Because the single most common cause of infectious diarrhea worldwide is rotavirus, and because a vaccine has been in use for over 3 years now, a reduction in the overall frequency of diarrheal episodes is hoped for in the near future.

A study by Lübbert et al found the incidence of Clostridium difficile infection in Germany in 2012 to be 83 cases per 100,000 population. The chance of recurrence increased with each relapse; an initial recurrence of the infection was found in 18.2% of patients with index events, with 28.4% of these patients having a second recurrence and 30.2% of second-recurrence patients having a third recurrence.[5]

Mortality/Morbidity

Mortality from acute diarrhea is overall globally declining but remains high. Most estimates have diarrhea as the second cause of childhood mortality, with 18% of the 10.6 million yearly deaths in children younger than age 5 years.

Despite a progressive reduction in global diarrheal disease mortality over the past 2 decades, diarrhea morbidity in published reports from 1990-2000 slightly increased worldwide compared with previous reports. In the United States, an average of 369 diarrhea-associated deaths/year occurred among children aged 1-59 months during 1992-1998 and 2005-2006.[6] The vast majority of diarrhea-associated infant deaths were reported in 2005-2007, with 86% of deaths occurring among low-birthweight (< 2500 g) infants.[7]

Furthermore, in countries in which the toll of diarrhea is highest, poverty also adds an enormous additional burden, and long-term consequences of the vicious cycle of enteric infections, diarrhea, and malnutrition are devastating.[4]

Sex

Most cases of infectious diarrhea are not sex specific. Females have a higher incidence of Campylobacter species infections and hemolytic uremic syndrome (HUS).

Age

Viral diarrhea is most common in young children. Rotavirus and adenovirus are particularly prevalent in children younger than 2 years. Astrovirus and norovirus usually infect children younger than 5 years. Yersinia enterocolitis typically infects children younger than 1 year, and the Aeromonas organism is a significant cause of diarrhea in young children.

Very young children are particularly susceptible to secondary dehydration and secondary nutrient malabsorption. Age and nutritional status appear to be the most important host factors in determining the severity and the duration of diarrhea. In fact, the younger the child, the higher is the risk for severe, life-threatening dehydration as a result of the high body-water turnover and limited renal compensatory capacity of very young children. Whether younger age also means a risk of run­ning a prolonged course is an unsettled issue. In developing countries, persis­tent postenteritis diarrhea has a strong inverse correlation with age.

 

Presentation

History

Acute diarrhea in developed countries is almost invariably a benign, self-limited condition, subsiding within a few days. The clinical presentation and course of illness depend on the etiology of the diarrhea and on the host. For example, rotavirus is more commonly associated with vomiting, dehydration, and a greater number of work days lost than nonrotavirus gastroenteritis.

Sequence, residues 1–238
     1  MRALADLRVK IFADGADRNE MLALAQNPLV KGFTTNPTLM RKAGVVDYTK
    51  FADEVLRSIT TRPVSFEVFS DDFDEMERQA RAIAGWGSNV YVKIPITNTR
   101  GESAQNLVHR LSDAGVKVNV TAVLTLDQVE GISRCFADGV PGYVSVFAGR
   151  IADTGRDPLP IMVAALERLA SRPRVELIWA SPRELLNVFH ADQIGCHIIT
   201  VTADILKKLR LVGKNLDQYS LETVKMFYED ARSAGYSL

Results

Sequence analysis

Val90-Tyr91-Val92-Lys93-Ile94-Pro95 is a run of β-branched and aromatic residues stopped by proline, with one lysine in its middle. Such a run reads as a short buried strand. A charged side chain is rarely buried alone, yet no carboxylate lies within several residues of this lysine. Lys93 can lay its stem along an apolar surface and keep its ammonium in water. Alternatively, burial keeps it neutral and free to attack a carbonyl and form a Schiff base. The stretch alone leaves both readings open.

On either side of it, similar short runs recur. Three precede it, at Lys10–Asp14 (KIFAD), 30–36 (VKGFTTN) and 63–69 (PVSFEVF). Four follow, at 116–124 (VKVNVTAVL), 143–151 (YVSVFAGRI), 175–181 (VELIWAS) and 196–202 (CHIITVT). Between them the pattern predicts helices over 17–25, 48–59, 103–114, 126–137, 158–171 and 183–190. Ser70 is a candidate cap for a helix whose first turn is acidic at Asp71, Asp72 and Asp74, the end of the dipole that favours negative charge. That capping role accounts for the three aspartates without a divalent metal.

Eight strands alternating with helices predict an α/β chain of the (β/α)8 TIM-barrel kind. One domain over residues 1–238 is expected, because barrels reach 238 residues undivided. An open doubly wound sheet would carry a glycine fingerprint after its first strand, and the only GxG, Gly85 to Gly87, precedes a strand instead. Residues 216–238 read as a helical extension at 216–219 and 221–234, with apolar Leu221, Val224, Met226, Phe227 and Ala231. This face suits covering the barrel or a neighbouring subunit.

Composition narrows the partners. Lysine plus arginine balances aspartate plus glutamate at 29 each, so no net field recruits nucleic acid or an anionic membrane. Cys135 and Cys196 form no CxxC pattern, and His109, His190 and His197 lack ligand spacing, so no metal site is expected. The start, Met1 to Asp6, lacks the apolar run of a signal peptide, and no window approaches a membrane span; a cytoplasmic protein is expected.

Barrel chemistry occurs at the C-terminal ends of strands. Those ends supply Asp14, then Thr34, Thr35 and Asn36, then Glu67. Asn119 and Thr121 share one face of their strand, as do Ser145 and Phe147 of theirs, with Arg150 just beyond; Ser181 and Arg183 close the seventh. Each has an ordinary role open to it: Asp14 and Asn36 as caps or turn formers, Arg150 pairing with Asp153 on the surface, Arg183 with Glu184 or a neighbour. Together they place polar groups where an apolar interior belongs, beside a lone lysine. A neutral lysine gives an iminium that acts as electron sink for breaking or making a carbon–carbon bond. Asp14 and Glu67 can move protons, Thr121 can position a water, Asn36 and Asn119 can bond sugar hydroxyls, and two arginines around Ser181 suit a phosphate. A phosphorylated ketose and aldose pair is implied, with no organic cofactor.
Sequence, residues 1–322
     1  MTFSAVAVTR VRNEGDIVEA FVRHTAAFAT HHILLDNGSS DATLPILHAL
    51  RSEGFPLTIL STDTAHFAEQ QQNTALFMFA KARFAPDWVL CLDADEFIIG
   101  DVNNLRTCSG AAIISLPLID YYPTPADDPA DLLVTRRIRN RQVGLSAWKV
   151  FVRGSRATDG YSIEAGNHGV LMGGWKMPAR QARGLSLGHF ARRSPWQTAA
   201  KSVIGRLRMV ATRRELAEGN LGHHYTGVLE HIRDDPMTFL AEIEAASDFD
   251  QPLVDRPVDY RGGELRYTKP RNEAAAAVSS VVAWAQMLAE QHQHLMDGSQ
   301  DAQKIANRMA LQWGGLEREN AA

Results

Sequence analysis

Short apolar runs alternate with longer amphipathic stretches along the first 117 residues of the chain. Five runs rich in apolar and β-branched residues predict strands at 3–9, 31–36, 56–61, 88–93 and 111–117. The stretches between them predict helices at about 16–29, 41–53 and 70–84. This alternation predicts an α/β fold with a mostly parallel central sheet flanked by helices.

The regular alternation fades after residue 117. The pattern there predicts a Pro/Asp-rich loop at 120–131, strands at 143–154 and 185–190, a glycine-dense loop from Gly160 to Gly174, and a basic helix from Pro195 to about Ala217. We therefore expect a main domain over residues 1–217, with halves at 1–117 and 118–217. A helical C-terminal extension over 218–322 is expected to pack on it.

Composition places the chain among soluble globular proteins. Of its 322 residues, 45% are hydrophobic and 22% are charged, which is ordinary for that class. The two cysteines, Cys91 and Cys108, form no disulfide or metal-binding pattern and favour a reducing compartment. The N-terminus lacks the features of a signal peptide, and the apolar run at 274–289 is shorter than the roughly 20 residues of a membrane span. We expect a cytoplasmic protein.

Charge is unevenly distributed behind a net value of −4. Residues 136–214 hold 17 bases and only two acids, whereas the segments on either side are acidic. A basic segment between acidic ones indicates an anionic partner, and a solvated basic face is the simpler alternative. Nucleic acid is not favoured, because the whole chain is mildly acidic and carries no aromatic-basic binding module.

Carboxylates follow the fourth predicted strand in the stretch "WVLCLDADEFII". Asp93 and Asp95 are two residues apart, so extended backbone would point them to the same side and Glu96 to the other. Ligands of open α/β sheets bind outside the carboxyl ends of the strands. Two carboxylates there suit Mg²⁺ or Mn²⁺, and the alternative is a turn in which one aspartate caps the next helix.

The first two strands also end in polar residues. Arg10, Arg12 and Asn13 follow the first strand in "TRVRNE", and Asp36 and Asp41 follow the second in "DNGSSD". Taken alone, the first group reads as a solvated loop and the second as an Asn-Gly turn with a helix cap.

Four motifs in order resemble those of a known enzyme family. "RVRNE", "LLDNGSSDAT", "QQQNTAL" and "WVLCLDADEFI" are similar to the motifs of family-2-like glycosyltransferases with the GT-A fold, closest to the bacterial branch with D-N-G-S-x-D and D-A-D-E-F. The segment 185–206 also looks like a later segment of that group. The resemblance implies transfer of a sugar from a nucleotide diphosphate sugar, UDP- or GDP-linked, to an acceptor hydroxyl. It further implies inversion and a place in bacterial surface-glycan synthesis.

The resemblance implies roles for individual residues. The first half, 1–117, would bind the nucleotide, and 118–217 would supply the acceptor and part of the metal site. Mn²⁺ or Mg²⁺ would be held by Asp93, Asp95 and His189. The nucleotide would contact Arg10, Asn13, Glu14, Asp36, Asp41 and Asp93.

• A prospective study conducted in the United States in 604 children aged 3-36 months in community settings before the introduction of rotavirus vaccine found that the highest incidence of acute diarrhea was in January and August, with an overall incidence of 2.21 episodes per person-year.[8] Close to 90% of episodes were acute (ie, lasting < 14 d, with a median duration of 2 d and a median of 6 stools per day).

  • Diarrhea implies an increase in stool volume and diminished stool consistency.

    • In children younger than 2 years, diarrhea is defined as daily stools with a volume greater than 10 mL/kg.

    • In children older than 2 years, diarrhea is defined as daily stools with a weight greater than 200 g. In practice, this typically means loose-to-watery stools passed 3 or more times per day.

    • Individual stool patterns widely vary; for example, breastfed children may normally have 5-6 stools per day.

  • Flatulence associated with foul-smelling stools that float suggests fat malabsorption, which can be observed with infection with Giardia lamblia.

  • Knowledge of the characteristics of consistency, color, volume, and frequency can be helpful in determining whether the source is from the small or large bowel. Table 1 outlines these characteristics and demonstrates that an index of suspicion can be easily generated for a specific set of organisms.

Table 1. Stool Characteristics and Determining Their Source (Open Table in a new window)

Stool Characteristics

Small Bowel

Large Bowel

Appearance

Watery

Mucoid and/or bloody

Volume

Large

Small

Frequency

Increased

Highly increased

Blood

Possibly positive but never gross blood

Commonly grossly bloody

pH

Possibly < 5.5

>5.5

Reducing substances

Possibly positive

Negative

WBCs

< 5/high power field

Commonly >10/high power field

Serum WBCs

Normal

Possible leukocytosis, bandemia

Organisms

Viral

  • Rotavirus

  • Adenovirus

  • Calicivirus

  • Astrovirus

  • Norovirus

Invasive bacteria